Our physical environment helps shape how long and how well we live. The cultural shift brought on by the COVID-19 pandemic shined a light on many aspects of how our health and well-being are affected by our surroundings. In the early days of the pandemic, we got a brief glimpse into improved air quality because so many of the polluters had to shut down temporarily. As many of our usual favorite past times were restricted, people who had access to green spaces flocked to them as a way to boost activity and mental health. We also gained an appreciation for social infrastructure we may have taken for granted before and that became risky to use, such as accessible public transportation and shared spaces.
While COVID-19 may have highlighted the importance of our physical spaces, environmental issues are not new. Additionally, access to healthy environments continues to be limited for people of lower socioeconomic status, and as a result their full potential for long and healthy lives can go unrealized. As we move into the future, with or without COVID-19, we can draw inspiration from the outcomes we saw during the pandemic to innovate better paths to healthy environments for everyone.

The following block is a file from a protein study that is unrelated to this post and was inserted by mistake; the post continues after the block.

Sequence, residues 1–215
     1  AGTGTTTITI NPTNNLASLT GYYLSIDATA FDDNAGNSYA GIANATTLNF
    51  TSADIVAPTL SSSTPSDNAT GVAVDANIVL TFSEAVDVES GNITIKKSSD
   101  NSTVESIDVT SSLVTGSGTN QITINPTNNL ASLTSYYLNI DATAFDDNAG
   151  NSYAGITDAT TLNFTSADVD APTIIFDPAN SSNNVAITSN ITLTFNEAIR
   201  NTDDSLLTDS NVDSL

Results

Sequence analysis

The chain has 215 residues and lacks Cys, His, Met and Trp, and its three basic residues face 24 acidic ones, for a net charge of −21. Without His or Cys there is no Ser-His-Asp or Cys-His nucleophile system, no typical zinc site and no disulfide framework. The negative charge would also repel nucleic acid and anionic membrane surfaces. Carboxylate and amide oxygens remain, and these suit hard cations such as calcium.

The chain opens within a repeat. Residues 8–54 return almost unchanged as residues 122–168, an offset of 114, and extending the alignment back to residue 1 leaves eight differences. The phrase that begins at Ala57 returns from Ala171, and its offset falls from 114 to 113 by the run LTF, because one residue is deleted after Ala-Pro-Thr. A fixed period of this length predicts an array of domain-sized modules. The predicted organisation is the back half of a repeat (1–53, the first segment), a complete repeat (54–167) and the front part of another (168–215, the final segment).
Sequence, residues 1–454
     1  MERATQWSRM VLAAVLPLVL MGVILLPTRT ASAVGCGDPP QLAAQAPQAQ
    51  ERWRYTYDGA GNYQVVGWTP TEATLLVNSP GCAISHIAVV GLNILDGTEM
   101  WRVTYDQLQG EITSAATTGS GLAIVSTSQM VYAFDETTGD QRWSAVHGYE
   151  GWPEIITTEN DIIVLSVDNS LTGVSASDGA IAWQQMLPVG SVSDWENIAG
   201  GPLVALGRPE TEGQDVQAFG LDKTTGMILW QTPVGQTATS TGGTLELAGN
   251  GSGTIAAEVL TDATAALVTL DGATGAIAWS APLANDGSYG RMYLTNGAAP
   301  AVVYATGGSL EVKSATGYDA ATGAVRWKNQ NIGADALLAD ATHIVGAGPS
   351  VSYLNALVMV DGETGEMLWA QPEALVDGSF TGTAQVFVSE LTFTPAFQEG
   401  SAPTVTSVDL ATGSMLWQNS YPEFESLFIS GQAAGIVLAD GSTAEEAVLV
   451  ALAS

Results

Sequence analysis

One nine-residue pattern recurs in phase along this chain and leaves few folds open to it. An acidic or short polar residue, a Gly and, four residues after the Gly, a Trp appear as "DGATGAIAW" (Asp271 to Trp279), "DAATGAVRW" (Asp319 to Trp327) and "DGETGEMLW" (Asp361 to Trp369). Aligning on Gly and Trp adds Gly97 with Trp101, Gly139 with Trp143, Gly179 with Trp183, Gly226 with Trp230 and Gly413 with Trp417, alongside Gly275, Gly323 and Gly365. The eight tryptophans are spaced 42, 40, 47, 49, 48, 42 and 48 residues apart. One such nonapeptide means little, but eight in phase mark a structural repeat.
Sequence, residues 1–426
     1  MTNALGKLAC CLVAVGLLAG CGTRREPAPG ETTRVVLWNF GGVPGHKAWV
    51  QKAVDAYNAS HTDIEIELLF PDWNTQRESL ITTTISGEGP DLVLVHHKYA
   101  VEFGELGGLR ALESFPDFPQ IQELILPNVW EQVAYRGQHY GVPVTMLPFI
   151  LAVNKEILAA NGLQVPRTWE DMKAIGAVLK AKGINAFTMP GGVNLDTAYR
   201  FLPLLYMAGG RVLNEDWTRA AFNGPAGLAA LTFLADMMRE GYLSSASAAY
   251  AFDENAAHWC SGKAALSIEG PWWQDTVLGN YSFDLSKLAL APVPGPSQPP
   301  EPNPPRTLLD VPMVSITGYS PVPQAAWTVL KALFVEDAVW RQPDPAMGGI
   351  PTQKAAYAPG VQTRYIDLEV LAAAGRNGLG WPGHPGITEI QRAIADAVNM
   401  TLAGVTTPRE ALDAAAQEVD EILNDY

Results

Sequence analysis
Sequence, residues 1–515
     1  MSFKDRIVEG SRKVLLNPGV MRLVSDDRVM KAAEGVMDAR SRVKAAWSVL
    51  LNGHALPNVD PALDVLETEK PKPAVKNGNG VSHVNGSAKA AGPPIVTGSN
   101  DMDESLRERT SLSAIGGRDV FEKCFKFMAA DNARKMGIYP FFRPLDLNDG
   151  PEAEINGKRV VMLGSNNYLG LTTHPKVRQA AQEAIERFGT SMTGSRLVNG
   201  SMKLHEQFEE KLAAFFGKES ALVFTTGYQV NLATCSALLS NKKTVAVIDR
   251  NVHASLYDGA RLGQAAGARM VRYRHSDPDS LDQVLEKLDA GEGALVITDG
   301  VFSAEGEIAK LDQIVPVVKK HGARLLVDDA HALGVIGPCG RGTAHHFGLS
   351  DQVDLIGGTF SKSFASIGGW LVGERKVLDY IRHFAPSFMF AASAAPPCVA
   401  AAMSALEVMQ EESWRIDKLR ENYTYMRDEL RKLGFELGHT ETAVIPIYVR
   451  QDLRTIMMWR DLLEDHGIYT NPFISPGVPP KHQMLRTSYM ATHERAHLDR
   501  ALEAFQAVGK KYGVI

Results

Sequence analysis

For the 2021-2022 Stanford Center on Longevity Design Challenge, we are challenging students around the world to take a look at the physical spaces in their communities and ask: how can we design environments that will lead to healthy long lives for people of all ages now and for future generations?
Why does the physical environment matter?
Many aspects of our physical surroundings affect our health and longevity, including both the built environment and the natural environment. Each of these components affect human health and well-being in important ways. Some examples: